In Norse mythology, Hœnir is one of the Æsir. He is mentioned as the one. In Ynglinga saga, along with Mímir, he went to the Vanir as a hostage to seal a truce after the Æsir-Vanir War. There, Hœnir was indecisive and relied on Mímir for all of his decisions, grunting noncommital answers when Mímir was absent. In Völuspá, at the creation of the first human beings and Embla, Hœnir and Lóðurr help Odin. According to the Prose Edda, Hœnir is said to have given reason to man.'In Gylfaginning, Vili and Vé are mentioned instead. As Snorri Sturluson knew Völuspá, it is possible. According to Völuspá, Hœnir was one of the few gods that would survive Ragnarök. Hœnir has a minor role in Haustlöng and Reginsmál. Hoenir crater on Callisto is named after him. MyNDIR Illustrations of Hœnir from manuscripts and early print books. Clicking on the thumbnail will give you the full image and information concerning it

Get Loose (album)

Get Loose is the fifth studio album from American singer Evelyn King, released by RCA Records in August 1982. It was produced by Morrie Brown and Paul Lawrence Jones III; the album peaked at number-one on the R&B albums chart. It reached #27 on the Billboard 200, it produced the hit singles "Love Come Down", "Betcha She Don't Love You", "Back to Love", "Get Loose". The album was certified gold by the RIAA; the album was digitally remastered and reissued on CD with bonus tracks in 2010 by Big Break Records and Sony Music Legacy. Phyl Garland of Stereo Review complimented the sound quality, calling it "good" but was disenchanted with the album's content and felt its success was " indication of the pitifully limited taste of youngsters addicted to junk music; the heavy beat, underscoring such lyrics as'Ooh, you make my love come down,' is supposed to incite a desire to dance, but this treatment is about as exciting as an unwashed sock. Both the tunes and lyrics sound as if they were written by a computer programmed to churn out mindless cliches.

She is good enough to make me like the better items here, Betcha She Don't Love You, Stop That, I'm Just Warmin' Up. Otherwise listening to this album is like being trapped inside one of those portable noise machines that culturally stunted kids tote through the streets. Performance: too programmed, recording: Good." Singles List of number-one R&B albums of 1982 Get Loose at Discogs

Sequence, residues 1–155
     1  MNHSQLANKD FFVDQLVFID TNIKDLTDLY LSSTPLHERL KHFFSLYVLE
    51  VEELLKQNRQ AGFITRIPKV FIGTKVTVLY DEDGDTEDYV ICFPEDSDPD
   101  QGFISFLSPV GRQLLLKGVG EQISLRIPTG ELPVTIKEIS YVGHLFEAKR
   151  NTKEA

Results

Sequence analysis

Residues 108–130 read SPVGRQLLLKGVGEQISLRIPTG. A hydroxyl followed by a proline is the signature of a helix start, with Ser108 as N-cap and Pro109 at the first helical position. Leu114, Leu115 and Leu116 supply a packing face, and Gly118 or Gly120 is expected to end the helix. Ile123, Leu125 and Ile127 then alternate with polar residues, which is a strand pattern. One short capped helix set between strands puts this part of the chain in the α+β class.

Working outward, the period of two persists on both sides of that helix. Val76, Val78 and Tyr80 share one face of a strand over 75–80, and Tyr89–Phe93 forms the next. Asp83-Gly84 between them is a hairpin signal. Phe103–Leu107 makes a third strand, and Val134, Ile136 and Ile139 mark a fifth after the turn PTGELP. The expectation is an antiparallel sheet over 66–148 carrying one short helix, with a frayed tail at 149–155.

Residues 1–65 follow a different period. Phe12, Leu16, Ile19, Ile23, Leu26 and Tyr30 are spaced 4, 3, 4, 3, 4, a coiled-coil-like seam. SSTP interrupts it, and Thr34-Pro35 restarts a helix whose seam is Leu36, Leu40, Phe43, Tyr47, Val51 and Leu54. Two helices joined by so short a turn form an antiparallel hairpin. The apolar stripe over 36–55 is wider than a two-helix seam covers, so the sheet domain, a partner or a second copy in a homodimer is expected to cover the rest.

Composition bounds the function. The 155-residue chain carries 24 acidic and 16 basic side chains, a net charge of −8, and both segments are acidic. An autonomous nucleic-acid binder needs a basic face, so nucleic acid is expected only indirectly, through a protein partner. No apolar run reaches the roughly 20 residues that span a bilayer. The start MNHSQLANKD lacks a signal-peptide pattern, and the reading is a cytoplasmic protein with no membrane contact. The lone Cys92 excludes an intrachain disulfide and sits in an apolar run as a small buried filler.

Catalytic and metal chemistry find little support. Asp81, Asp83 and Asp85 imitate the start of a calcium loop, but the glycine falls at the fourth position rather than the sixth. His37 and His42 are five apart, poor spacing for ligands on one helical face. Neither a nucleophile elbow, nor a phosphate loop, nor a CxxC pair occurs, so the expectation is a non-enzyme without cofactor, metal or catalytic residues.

William Miles Maskell

William Miles Maskell was a New Zealand farmer and entomologist. Born in Mapperton, England to Mary Scott and William Maskell, an Anglican clergyman, he attended school at St Mary's College in Oscott, in Paris, before being commissioned an ensign in the 11th Regiment of Foot with which he served for just under two years, he first came to New Zealand, in Lyttelton, in 1860 and became involved in the political campaigns of Frederick Weld and Charles Clifford. He returned to England sometime between 1861 and 1863, but returned by September 1865, purchasing a 2,000-acre property in Broadleaze near Leithfield, Canterbury a short while after, he became registrar of the newly formed University of New Zealand in 1876 and held this position until his death. Maskell was married to Lydia Cooper Brown on 15 September 1874 in two ceremonies, one Catholic and one Protestant. After Lydia's death in 1883, he married Alice Ann McClean in 1886. In 1866, Maskell was elected to represent Sefton on the Canterbury Provincial Council, a position which he held until the provinces were abolished in 1876.

He served as provincial secretary and treasurer during the last year on the Council. Maskell contested the Ashley electorate twice for a seat in the New Zealand parliament. On both occasions, first in the 1871 general election, in the 1876 general election, he was unsuccessful against John Evans Brown. After this, he took no further active part in politics. Around 1873, Maskell became interested in entomology and wrote a book, An Account of the Insects Noxious to Agriculture and Plants in New Zealand, which concerned pests in the Coccoidea family; as his work became more well known, he was sent insect samples from a variety of locations, including Asia, Fiji and the Americas, which resulted in him proposing over 330 species names. His collection of Coccoidea specimens was regarded as scientifically significant and was lent to the United States Bureau of Entomology in 1906 for study by Emily R. Morrison. Maskell liked studying the internal anatomy of insects due to his fascination with physiology and microscopy, his work was unique in that he studied immature stages of males and females as well as the mature females.

After experimenting with kerosene application, Maskell became an advocate of biological control of pests, which involves finding their natural predators. He helped Albert Koebele of the United States Department of Agriculture collect vedalia "ladybird" beetles, a predator of cottony cushion scale, which had become a devastating pest of Californian citrus farms. In its native Australia this pest was kept in check by a dipterous fly Cryptochetum iceryae which injected its eggs into the scale insect, devoured by the resultant larvae. Maskell studied arthropods and microscopic algae, publishing more than 70 research papers on these topics, he was a strong opponent of Darwinism and his arguments helped to shape several scientific debates of the time. Maskell died in Wellington on 1 May 1898 at his home from complications that arose after a serious operation, he was survived by his second wife, he did not have any children. An account of the insects noxious to agriculture and plants in New Zealand.

The scale insects Wellington, N. Z. State Forests and Agricultural Dept.1887